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PSY 1001H chapter 1 outline

by: Allison Cunningham

PSY 1001H chapter 1 outline PSY 1001H

Marketplace > University of Minnesota > Psychlogy > PSY 1001H > PSY 1001H chapter 1 outline
Allison Cunningham
U of M

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Chapter 1 outline of "Psychology: From Inquiry to Understanding, 3rd edition, Lillenfeld, Pearson"
Honors Introduction to Psychology
Kyle McNeal
Class Notes
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This 3 page Class Notes was uploaded by Allison Cunningham on Thursday May 26, 2016. The Class Notes belongs to PSY 1001H at University of Minnesota taught by Kyle McNeal in Spring 2016. Since its upload, it has received 5 views. For similar materials see Honors Introduction to Psychology in Psychlogy at University of Minnesota.

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Date Created: 05/26/16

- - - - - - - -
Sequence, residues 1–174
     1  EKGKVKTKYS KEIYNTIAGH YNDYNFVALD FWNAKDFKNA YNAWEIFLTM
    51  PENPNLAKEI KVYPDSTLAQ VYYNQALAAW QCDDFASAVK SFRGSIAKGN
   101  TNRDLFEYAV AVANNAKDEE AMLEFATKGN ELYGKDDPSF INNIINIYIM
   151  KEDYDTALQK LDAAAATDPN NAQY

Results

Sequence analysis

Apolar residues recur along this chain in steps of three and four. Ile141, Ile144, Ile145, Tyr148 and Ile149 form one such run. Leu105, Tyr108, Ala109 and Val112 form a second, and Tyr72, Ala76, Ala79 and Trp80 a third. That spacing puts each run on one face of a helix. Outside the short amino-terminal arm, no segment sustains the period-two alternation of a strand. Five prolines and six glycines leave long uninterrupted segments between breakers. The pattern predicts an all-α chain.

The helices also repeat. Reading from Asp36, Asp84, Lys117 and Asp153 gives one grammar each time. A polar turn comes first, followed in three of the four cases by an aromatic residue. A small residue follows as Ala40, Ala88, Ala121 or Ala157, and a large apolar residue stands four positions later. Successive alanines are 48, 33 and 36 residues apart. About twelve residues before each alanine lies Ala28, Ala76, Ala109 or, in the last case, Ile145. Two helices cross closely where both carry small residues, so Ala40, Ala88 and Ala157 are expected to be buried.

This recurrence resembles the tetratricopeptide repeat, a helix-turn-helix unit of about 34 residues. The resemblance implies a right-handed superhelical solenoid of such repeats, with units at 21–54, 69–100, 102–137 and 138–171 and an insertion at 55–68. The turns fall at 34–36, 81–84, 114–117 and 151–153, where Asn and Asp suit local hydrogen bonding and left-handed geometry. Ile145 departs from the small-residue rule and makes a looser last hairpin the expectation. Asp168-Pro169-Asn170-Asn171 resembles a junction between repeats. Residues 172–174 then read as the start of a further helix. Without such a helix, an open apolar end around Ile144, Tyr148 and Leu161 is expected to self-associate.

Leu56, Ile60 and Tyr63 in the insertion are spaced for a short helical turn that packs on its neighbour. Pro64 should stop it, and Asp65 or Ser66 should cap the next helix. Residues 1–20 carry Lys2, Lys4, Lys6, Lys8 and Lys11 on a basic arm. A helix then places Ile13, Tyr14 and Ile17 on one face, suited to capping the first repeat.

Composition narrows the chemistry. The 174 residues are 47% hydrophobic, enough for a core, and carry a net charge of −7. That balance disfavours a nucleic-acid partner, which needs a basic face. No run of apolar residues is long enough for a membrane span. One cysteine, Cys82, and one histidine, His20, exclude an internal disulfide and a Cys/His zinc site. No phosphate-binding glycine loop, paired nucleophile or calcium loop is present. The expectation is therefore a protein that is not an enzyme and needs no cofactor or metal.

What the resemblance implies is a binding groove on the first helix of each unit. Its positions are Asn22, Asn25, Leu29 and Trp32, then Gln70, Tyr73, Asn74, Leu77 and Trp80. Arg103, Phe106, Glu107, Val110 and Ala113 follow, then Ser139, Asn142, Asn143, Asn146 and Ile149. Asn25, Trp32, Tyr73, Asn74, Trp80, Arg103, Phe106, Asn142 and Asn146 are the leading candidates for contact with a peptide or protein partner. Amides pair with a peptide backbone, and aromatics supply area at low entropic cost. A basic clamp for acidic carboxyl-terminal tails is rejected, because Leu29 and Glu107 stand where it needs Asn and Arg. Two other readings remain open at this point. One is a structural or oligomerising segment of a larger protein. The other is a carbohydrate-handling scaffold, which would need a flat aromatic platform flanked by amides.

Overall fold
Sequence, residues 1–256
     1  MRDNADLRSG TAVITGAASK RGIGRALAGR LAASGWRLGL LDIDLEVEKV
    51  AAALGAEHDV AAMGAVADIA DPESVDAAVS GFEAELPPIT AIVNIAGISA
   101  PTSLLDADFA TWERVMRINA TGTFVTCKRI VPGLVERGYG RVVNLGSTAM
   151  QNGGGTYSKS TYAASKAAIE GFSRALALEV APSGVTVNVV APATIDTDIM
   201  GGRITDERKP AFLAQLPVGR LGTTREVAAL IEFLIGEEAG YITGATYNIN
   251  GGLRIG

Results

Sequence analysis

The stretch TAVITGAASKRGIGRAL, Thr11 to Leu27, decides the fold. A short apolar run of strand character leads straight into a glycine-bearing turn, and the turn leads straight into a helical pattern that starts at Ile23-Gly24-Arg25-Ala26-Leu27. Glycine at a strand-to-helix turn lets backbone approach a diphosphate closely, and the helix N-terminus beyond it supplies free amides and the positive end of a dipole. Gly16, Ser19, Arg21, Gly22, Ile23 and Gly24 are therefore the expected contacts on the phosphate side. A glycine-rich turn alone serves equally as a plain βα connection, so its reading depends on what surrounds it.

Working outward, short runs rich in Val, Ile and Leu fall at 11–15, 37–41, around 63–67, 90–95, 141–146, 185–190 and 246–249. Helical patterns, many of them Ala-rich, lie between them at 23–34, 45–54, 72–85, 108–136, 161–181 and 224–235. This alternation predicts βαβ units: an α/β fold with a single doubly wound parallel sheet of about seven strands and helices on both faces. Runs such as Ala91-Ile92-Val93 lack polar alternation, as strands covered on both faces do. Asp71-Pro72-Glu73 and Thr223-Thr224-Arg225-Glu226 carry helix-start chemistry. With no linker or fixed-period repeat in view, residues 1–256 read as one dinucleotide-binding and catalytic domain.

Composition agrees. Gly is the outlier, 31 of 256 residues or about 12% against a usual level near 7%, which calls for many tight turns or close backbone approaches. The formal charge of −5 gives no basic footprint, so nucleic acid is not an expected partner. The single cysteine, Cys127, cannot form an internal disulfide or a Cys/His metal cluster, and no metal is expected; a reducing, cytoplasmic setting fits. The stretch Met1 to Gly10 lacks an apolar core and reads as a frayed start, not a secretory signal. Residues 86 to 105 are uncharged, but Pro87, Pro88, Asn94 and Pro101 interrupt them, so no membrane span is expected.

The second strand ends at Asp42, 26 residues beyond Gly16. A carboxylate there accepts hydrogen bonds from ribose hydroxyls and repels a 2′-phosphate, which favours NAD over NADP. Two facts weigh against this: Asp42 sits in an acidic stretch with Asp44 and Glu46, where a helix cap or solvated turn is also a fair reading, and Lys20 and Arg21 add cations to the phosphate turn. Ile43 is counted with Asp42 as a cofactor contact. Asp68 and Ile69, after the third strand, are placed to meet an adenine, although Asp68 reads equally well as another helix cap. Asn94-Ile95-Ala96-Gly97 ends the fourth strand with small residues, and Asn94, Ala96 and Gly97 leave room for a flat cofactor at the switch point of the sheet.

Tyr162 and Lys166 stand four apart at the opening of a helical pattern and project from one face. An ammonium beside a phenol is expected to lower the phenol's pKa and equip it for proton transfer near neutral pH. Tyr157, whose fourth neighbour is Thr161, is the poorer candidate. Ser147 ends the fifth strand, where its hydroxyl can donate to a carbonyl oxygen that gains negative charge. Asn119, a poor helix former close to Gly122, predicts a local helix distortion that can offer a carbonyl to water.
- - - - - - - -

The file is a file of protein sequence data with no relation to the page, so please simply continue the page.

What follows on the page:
PSY 1001H Chapter 1 notes: Psychology and Scientific Thinking “Psychology: From Inquiry to Understanding, 3  edition, Pearson” by Scott Lillenfeld ­ William James: founder of American psychology ­ psychology: scientific study of the mind, brain, and behavior o Spans multiple levels of analysis  Lower levels: studies of brain  Higher levels: studying the mind (brain in action) ­ almost all actions are multiply determined (produced by many factors) o Human behavior is hard to predict o Be skeptical of single­variable explanations of human behavior ­ psychological influences are usually dependent on each other ­ people differ in: behavior, personality, thinking, emotion o “individual differences”  explains different reactions to same situation  hard to explain behavior in a way that applies to everyone ­ people influence each other o reciprocal determinism: everyone influences everyone else’s behavior  it’s hard to isolate causes of behavior ­ behavior is shaped by culture o can’t always trust common sense  naïve realism: belief that we see the world exactly as it is o you should learn when to/not trust common sense and intuition ­ psychology is a science o science: systemic approach to evidence  empiricism: knowledge should be gained via observation  systemic research methods: used by psychologists o scientific theory: explains a large number findings in the natural world o hypothesis: a testable prediction ­ bias o confirmation bias: looking for evidence that supports your own beliefs, and  disregarding/distorting contradictory evidence  impacts daily life o belief perseverance: sticking to initial beliefs after they are contradicted by  evidence ­ metaphysical claims: untestable assertions about the world o God, the afterlife, etc.  science can’t answer everything ­ recognizing possible incorrectness o scientific knowledge can be tested and revised o knowledge is gained slowly in small parts o pseudoscience: set of claims that seems scientific, but isn’t  ESP, astrology  isn’t protected from confirmation bias and belief perseverance  warning signs:  overuse of ad hoc immunizing hypotheses  lack of self­correction  overreliance on anecdotes  brains are programed to find order in nonsense: reason for our draw to  pseudoscience  loss of sense of control – prone to false beliefs  terror management theory: awareness of inevitable death causes  fear, which we cope with by adapting worldviews that give  meaning beyond our lives o logical fallacies: traps in thinking that result in mistaken conclusions  emotional reasoning fallacy: using emotions as guides when evaluating the validity of a claim  bandwagon fallacy: assuming something is true because other people think it is  not me fallacy: belief that you’re immune to errors in thinking that affect  other people o bias blind spot: people see others’ biases, but not their own ­ dangers of pseudoscience and pseudoscientific treatments o opportunity cost: treatments lead people away from actual treatments o direct harm: causes physical/psychological damage  rebirthing therapy: mimicking sensation of birth o inability to think scientifically: slows reaching decisions about global warming,  genetics, etc.  ­ scientific thinking o scientific skepticism  open­mindedness to all claims  accept claims that are subjected to scientific tests  don’t accept claims just on basis of authority  o framework for scientific thinking  critical thinking: set of skills for evaluating claims carefully and with an  open mind  principles:  ruling out rival hypotheses  correlation isn’t causation o correlation­causation fallacy: 2 variables that are correlated don’t necessarily cause each other  falsifiability  replicability  extraordinary claims require extraordinary evidence  occam’s razor/principle of parsimony o if 2 explanations are given for something, the simpler one  is most likely to be true ­ history of psychology o early history  used to be like philosophy st  1879: Wilhelm Wundt: 1  psych lab in Leipzig, Germany  used experimental methods (incl. introspection)  beginning of psychology as a science  theoretical frameworks  5 major perspectives:  o structuralism (Titchener): identifying basic elements of  psychological experience o functionalism (Darwin): understanding purposes/functions  of psychological characteristics o behaviorism (Watson): finding general principles of  learning underlying behavior  observable behavior only o cognitivism (Piaget): thinking affects behavior o psychoanalysis (Freud): internal psychological processes  modern psychology  there are 500,000 psychologists worldwide o many areas of interest  different types of psychology and work settings  debates  nature vs. nurture o are behaviors due to genes or upbringing?  free­will determinism o do we choose our behaviors, or are they controlled by  outside factors?  how psychology affects life  basic research: how the mind works  applied research: how we use basic research to solve problems